I decided long ago that I was going to stop giving away my computer expert services. I don't really think I'm an expert, but compared to others, oh my God..I am a goddess. I can resurrect "dead" computers, I can bring data back from Hades. Yes, I am that good.

I know, I know, any geek can do those things. Here on the internet it seems simple. But the minute I step out of my apartment, I suddenly really am that good.

I used to give out computer help because, ya know, I'm a nice person! I like to help people. When I rescue someone's wedding photos, I feel happy because they are happy, and they say nice things to me. Sometimes they offer to pay.

And sometimes they don't.

I tried not helping people with computer problems for a few reasons. Number one, I need money like everyone else. Number two, I'm sick and fuckin' tired of helping jackasses remove malware from their PCs, and helping artistic jackasses recover their broken or corrupt project files from whatever Mac application they made the mistake of investing in. Number three, I have better things to do than be a wandering vigilante for computer health.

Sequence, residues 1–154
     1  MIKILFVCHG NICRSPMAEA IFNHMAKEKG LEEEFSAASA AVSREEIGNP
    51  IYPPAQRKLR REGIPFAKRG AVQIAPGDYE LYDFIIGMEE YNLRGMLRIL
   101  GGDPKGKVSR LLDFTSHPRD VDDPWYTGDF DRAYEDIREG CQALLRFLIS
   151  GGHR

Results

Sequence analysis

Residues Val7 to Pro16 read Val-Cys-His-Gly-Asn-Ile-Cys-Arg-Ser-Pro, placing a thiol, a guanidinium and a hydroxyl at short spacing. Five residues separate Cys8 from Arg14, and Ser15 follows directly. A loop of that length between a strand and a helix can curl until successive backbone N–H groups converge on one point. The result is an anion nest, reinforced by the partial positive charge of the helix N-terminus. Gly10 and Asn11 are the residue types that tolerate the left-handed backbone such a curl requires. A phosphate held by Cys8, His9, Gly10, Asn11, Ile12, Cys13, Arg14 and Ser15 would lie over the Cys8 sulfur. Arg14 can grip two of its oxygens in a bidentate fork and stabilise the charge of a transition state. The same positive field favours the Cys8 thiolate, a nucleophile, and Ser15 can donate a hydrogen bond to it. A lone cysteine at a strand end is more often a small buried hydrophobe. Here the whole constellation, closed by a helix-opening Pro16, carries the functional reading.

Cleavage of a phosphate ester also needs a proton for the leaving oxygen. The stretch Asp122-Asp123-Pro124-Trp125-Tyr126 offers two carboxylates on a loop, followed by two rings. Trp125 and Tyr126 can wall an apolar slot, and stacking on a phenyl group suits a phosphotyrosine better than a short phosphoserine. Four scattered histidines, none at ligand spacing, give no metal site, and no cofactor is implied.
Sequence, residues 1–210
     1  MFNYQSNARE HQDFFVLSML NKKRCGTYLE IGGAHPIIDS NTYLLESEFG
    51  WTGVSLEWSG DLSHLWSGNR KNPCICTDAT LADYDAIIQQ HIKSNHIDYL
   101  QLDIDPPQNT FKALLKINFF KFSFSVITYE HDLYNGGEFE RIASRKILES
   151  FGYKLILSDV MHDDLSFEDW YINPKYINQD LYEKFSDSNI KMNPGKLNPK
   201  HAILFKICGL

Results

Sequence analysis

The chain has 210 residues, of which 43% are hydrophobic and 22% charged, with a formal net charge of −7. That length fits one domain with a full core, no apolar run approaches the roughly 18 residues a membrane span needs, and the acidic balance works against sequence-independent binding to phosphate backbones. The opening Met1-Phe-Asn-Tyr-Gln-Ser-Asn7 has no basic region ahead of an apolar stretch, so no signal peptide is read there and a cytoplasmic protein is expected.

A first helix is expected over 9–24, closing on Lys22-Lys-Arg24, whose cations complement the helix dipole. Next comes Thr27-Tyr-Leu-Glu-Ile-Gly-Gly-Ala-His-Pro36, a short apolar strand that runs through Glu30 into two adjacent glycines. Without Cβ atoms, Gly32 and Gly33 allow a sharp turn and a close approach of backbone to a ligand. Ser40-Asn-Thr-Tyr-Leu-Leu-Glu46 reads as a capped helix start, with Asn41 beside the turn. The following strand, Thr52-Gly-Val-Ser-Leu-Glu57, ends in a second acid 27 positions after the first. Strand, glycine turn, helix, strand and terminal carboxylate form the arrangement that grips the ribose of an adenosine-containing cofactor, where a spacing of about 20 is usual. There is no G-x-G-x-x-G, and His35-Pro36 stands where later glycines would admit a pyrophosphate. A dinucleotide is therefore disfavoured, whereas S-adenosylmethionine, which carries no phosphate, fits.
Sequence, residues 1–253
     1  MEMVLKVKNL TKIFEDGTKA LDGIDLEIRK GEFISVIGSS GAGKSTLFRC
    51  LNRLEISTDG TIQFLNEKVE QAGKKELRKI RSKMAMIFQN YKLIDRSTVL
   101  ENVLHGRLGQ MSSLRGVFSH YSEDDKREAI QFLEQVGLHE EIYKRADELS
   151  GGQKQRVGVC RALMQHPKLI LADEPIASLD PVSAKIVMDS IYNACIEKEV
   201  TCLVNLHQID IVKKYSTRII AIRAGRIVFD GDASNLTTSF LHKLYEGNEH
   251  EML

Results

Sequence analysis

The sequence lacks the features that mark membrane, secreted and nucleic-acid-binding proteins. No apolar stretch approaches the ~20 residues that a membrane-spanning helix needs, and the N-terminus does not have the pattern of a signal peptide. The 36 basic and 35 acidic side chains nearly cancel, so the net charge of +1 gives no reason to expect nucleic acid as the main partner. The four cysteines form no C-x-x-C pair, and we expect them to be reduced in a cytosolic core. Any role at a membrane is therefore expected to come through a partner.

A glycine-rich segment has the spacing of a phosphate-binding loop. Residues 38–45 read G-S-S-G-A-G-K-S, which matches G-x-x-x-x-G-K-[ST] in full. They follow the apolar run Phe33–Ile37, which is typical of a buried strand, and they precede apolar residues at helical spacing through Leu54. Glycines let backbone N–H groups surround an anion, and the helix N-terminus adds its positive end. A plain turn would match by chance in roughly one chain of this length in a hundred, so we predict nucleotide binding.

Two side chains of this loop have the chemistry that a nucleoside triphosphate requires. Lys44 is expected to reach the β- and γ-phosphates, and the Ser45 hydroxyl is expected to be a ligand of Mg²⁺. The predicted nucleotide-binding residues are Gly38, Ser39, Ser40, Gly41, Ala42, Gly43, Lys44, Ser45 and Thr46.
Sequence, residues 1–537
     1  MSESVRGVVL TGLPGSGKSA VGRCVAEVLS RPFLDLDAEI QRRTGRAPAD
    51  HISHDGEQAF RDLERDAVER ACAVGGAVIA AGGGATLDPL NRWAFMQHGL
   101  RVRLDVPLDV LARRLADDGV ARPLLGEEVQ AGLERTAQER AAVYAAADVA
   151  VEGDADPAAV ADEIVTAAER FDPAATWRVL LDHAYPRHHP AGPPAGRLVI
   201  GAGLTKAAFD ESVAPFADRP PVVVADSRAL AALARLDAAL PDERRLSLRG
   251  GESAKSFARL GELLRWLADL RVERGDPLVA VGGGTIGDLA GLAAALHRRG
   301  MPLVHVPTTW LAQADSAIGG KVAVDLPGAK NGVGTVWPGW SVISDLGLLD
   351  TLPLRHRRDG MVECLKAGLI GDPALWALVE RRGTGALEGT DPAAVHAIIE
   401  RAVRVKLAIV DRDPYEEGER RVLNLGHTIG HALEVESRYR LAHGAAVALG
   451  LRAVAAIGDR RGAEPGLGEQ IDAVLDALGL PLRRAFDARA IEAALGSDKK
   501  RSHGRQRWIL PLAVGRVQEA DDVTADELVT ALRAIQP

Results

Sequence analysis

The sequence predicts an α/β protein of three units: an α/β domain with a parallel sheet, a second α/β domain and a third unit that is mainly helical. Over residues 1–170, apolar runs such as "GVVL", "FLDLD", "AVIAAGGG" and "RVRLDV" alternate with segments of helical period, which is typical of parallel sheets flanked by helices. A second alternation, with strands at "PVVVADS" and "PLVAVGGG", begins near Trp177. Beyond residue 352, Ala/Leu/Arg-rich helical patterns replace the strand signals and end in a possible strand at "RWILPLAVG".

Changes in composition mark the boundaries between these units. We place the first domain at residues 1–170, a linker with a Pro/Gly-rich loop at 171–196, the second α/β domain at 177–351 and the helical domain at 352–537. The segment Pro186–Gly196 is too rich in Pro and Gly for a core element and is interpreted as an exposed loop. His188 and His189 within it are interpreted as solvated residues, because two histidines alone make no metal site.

At first, it didn't really work out. I do not want to be a mean person or an uncaring person, so I would always, eventually, cave. People would beg, and then I'd help them. Then I realized that people associate my computer help as being a part of who I am. I'm Samantha. I help people with computers.

No no no no no no. That's no who I am. That's my JOB.